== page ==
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The Simple Guide To KiwiSaver Tax

Do you pay tax on your KiwiSaver? And how much? Worry no more. As Mark Russell from PwC explains, as long as you tell your provider the right tax rate, they’ll do it all for you.

6 October 2021

Over a lifetime of saving through your KiwiSaver scheme, the amount of tax you pay on investment returns plays a big part in how much money you’ll have available in retirement. So, it’s good to understand just how tax applies to your KiwiSaver.

How are my contributions taxed?

Your own contributions to your KiwiSaver scheme are made out of your earnings after tax has already been taken out.

The contributions your employer makes to your KiwiSaver account are taxed, based on a rate similar to your marginal personal tax rate, ranging from 17.5 per cent to 3 per cent.

What about my returns?

The vast majority of funds are Portfolio Investment Entities (PIEs) for tax purposes.

That means that your fund uses special PIE tax rules to calculate the income of the whole fund, then applies your tax rate just to your share of that income. The fund is like a big pie and you get taxed only on your piece.

And sometimes your fund gets tax back too. It also gives you a share of any tax credits the fund received, such as ‘imputation credits’ on New Zealand dividends and foreign tax deducted from overseas dividends and interest.

So, what are imputation credits? They were brought in by the government to avoid share dividends being taxed twice. Listed companies pass this tax credit to shareholders as imputation credits.

If you have tax to pay after deducting the credits, your KiwiSaver provider pays that tax to the Inland Revenue department for you.

Stop worrying now

As long as you chose the correct tax rate, you don’t have to do anything. It’s all done for you by your KiwiSaver scheme provider.

Nor do you have to include the income from your KiwiSaver account in your tax return, if you have to file one.

When your KiwiSaver provider is calculating the income that you need to pay tax on, it will deduct expenses incurred in earning it, such as the fees you pay to your fund manager.

In some cases, where the amounts you can be taxed on are low, the deductions can be higher than your taxable income, and you’ll have a tax loss for the year.

This loss is worked out with your tax rate to create a tax refund, which Inland Revenue pays directly to the fund. The fund then credits you with additional units. So, in effect, you reinvest the tax value equating to the loss in your savings.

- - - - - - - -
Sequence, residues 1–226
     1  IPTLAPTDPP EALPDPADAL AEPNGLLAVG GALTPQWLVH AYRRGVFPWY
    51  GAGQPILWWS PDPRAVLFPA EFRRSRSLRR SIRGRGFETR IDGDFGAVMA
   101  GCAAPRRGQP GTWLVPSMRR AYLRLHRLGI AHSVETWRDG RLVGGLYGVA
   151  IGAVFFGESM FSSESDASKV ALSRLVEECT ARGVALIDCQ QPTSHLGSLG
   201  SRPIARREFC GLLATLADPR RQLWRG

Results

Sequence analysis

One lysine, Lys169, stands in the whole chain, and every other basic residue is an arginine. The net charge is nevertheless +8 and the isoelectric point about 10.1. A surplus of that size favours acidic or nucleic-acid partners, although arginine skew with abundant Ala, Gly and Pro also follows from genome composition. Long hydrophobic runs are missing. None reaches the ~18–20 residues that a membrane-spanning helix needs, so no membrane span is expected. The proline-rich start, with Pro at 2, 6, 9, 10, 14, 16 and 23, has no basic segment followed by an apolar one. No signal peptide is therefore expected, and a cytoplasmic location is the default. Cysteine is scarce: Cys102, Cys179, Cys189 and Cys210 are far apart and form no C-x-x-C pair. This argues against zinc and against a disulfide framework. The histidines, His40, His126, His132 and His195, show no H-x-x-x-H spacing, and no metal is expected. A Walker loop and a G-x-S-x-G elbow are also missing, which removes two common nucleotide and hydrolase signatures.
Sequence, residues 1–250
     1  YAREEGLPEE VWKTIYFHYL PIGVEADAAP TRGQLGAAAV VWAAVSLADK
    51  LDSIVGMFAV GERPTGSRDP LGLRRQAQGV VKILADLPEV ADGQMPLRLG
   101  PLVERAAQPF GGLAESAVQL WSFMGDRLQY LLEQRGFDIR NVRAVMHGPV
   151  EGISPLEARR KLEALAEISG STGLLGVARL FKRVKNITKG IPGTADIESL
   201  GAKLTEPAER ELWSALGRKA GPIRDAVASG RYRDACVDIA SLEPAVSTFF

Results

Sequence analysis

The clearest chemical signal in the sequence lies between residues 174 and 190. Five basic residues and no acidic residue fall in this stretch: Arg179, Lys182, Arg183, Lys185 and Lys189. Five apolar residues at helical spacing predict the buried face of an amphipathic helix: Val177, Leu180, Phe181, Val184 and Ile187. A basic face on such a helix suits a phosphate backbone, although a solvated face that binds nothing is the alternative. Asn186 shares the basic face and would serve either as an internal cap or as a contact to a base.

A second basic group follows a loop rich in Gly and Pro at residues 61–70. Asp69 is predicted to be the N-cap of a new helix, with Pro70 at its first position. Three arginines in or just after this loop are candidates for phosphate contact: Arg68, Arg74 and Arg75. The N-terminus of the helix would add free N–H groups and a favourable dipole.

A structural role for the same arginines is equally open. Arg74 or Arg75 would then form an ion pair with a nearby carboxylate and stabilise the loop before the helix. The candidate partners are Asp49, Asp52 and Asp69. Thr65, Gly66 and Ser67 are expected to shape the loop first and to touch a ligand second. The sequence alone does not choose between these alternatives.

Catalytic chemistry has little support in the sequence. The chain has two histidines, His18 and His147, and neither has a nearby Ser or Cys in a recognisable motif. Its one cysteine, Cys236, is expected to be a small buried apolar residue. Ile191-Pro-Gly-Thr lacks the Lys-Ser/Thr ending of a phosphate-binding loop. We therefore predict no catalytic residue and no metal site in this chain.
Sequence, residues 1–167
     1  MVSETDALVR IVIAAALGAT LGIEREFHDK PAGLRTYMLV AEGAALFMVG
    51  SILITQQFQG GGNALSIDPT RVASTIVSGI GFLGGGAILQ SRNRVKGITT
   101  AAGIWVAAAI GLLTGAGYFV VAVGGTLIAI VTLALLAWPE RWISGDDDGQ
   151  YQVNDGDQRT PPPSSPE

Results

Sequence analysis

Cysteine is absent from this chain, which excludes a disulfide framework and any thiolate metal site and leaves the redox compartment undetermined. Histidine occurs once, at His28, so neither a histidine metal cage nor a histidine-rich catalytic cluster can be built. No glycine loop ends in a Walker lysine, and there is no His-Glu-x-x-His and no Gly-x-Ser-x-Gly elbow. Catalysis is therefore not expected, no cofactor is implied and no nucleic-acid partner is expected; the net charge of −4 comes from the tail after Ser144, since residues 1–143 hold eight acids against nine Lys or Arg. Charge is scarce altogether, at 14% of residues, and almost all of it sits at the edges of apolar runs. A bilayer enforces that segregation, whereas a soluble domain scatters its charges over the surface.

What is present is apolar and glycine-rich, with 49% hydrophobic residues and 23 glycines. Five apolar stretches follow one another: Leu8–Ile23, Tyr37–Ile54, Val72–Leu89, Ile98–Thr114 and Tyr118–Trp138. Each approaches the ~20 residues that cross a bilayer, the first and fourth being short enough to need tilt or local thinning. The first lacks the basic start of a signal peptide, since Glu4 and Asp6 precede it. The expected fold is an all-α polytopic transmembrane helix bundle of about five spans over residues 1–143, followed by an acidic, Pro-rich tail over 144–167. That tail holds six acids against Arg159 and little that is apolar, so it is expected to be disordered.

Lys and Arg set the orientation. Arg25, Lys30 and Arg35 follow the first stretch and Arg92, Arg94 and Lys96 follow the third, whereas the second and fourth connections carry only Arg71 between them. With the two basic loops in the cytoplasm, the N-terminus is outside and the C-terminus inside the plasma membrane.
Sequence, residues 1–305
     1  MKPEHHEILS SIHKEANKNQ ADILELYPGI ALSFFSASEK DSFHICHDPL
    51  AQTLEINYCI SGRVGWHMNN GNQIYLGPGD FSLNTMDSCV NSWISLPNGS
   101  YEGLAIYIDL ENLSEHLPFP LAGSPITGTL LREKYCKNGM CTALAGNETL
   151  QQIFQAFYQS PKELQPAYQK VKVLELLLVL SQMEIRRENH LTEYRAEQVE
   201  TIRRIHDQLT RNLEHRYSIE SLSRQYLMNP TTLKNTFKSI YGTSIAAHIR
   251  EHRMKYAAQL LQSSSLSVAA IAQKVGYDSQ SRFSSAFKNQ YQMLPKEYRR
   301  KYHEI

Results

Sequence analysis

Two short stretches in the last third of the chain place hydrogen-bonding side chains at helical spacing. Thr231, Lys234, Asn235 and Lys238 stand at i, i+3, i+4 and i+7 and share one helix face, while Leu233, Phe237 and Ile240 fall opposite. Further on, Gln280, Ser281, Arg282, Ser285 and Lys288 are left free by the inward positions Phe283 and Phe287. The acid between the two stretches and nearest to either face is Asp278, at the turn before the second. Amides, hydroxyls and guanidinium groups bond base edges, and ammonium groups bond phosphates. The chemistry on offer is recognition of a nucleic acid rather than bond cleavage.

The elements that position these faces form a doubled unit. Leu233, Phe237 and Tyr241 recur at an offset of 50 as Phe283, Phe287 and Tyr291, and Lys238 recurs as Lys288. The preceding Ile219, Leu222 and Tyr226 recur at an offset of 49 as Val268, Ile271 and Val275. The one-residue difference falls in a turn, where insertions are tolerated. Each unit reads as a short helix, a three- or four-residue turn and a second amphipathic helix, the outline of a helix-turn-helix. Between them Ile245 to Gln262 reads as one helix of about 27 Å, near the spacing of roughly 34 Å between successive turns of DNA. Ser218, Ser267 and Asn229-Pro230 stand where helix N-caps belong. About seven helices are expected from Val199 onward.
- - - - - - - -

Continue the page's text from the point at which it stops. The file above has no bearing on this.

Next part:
What investment returns are taxed?

Different tax rules apply to different kinds of investments that your fund makes. Here are the rules:

Withdrawing money from KiwiSaver

When you make withdrawals from your KiwiSaver account, either for a first-home purchase or when you reach 65, there’s no tax to pay, as it’s automatically taken out.

What tax rate applies to me?

Your tax rate is linked to the rate you pay for other income, but may vary slightly. It’s called your PIR, or Prescribed Investor Rate. There are three main rates:

· If your taxable income from your own earnings and your savings in KiwiSaver and any other PIE funds exceeds NZ$70,000 in each of the past two years, your PIR is 28 per cent.

· If your taxable income from these sources in either of the previous two years is below NZ$14,000, your PIR is 10.5 per cent. Otherwise it’s 17.5 per cent. Each year, your KiwiSaver provider will ask you to confirm your PIR.

· If your circumstances have changed, it’s important to update it. If the PIR you give is too low, you could end up having to file a tax return and could be taxed on your KiwiSaver income at your full marginal tax rate, which could be higher than your PIR.

· If you pay too much, you’ll never get it back. The IRD rules don’t allow it to refund overpaid KiwiSaver tax.

How will you know how much tax you paid?

At the end of each tax year ending 31 March, your KiwiSaver provider will send you a statement that sets out the taxable income allocated to you and the tax that was paid on your behalf, or the refund received.

Why is my taxable income different to my investment returns?

You might notice that the taxable income allocated to you in a year is different to the statements you get from your provider explaining how it has performed and how much your balance has changed.

That’s because not all the gains and losses in your fund are taxed. If your fund has made large gains on New Zealand and listed Australian shares, your taxable income may be much lower than your fund gains.

If your fund has a lot of international shares, the taxable income may be higher or lower than the 5 per cent return you’re taxed on.

The key thing to remember is to give your KiwiSaver provider the right PIR tax percentage – then the rest is done for you.

First published 4 December 2018

This article does not contain any financial advice and has not taken into account any particular person’s circumstances. Before relying on it, we recommend you speak with a financial adviser. This story reflects the views of the contributor only. Content comes from sources that we consider are accurate, but we do not guarantee that the content is accurate.

Informed Investor's content comes from sources that Informed Investor magazine considers accurate, but we do not guarantee its accuracy. Charts in Informed Investor are visually indicative, not exact. The content of Informed Investor is intended as general information only, and you use it at your own risk.


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